Sathyan (Jai) hails from a lower middle class background and yearns to settle in life, just like every middle-class guy. He forged the documents to get loan from a bank to set up his own travel company.
When he thinks that his life is sorted, a police officer (Bose Venkat) comes to know of his fraudulent activities and threatens to expose him.
Sathyan and his friend (Daniel Annie Pope) plan to kidnap a girl to get money from them and sort out their problem. But, they get entangled in a huge problem which involves a kidnapper (Amit of Bigg Boss Telugu fame) from Mumbai.
How will Jai out of this tricky situation is told in an intriguing way.
Jai as a middle-class guy is perfect for the role. He does nothing extra or anything less. He has multiple dimensions to portray on-screen such as a car thief to being a conservative lad.
Unlike usual commercial pot-boilers, heroine Reba Monica John has a huge role to play. Interestingly, she is not shown as a dumb heroine who just sings and dances to the tunes of the hero.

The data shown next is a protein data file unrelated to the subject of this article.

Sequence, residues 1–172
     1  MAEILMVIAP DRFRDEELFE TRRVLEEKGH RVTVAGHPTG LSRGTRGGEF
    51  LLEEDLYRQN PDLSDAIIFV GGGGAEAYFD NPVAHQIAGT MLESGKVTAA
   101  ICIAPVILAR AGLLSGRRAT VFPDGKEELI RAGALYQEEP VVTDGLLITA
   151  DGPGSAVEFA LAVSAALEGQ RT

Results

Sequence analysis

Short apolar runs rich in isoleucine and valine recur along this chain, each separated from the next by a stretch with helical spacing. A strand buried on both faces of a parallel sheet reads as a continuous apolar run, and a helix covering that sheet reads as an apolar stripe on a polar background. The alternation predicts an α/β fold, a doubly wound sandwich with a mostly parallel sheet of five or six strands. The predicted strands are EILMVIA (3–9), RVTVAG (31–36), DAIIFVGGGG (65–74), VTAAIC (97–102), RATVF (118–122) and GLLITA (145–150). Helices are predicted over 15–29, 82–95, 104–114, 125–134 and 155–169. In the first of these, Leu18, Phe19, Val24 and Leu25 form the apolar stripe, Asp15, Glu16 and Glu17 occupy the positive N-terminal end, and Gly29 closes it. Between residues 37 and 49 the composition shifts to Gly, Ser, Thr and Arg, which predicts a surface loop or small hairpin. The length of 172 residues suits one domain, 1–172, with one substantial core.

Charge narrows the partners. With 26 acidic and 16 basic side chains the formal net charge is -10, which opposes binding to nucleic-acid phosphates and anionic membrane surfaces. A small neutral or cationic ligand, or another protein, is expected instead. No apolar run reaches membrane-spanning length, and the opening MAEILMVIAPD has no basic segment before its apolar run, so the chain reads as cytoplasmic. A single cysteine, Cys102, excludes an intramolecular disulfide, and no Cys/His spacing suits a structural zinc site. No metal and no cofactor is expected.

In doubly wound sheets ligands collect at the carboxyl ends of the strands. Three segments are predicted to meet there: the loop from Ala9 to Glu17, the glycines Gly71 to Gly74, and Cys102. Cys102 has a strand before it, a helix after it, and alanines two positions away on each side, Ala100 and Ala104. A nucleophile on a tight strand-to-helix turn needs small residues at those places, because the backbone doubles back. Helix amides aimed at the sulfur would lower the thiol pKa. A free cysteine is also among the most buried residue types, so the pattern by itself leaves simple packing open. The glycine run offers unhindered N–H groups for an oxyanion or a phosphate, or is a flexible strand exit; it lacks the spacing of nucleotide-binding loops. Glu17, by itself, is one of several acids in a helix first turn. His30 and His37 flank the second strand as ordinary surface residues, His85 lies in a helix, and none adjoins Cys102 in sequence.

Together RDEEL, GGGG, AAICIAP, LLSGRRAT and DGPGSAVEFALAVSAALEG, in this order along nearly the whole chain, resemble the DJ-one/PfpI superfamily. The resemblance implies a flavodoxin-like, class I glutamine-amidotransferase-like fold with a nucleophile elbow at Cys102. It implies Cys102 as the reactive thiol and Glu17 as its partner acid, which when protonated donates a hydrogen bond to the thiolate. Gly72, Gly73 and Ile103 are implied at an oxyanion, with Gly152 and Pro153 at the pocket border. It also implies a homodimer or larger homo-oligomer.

Daniel Annie Pope is tailor-made for the role of sidekick. He has done the same from Idharkuthaane Aasaipattai Balakumara. In Jarugandi, his role is no different.
Director Pitchumani has taken a cliched story of how a middle-class guy emerge as a hero. He has incorporated all elements necessary for a commercial flick and it has worked for the most part.
Also, the director should be appreciated for writing a strong role for a heroine. Reba’s role in Jarugandi is refreshing to watch on-screen.
In a scene where she gets kidnapped by Jai and Daniel, she doesn’t cry and call for help. She takes note of the environment she is in and plans to escape.
It takes courage to take a predictable story and make it interesting. Pitchumani has managed to do that exactly.
Reba has a limited screen presence in the first half of Jarugandi. But, she has put up a restrained yet subtle performance that suits her role perfectly.
However, the making of Jarugandi looks half-baked. Somehow, certain sequences in the film doesn’t seem coherent.
Robo Shankar and Daniel Annie Pope’s comedy fails to invoke laughter and we are forced to stay invested in the film during such sequences.
Jai’s role is nothing different from his earlier films. It’s be interesting to see him in diverse roles.
Pitchumani’s Jarugandi could have been a well-made commercial film if the director did away with cinematic cliches. But, if you managed to look past the minor flaws, Jarugandi can be watched once and it won’t disappoint you.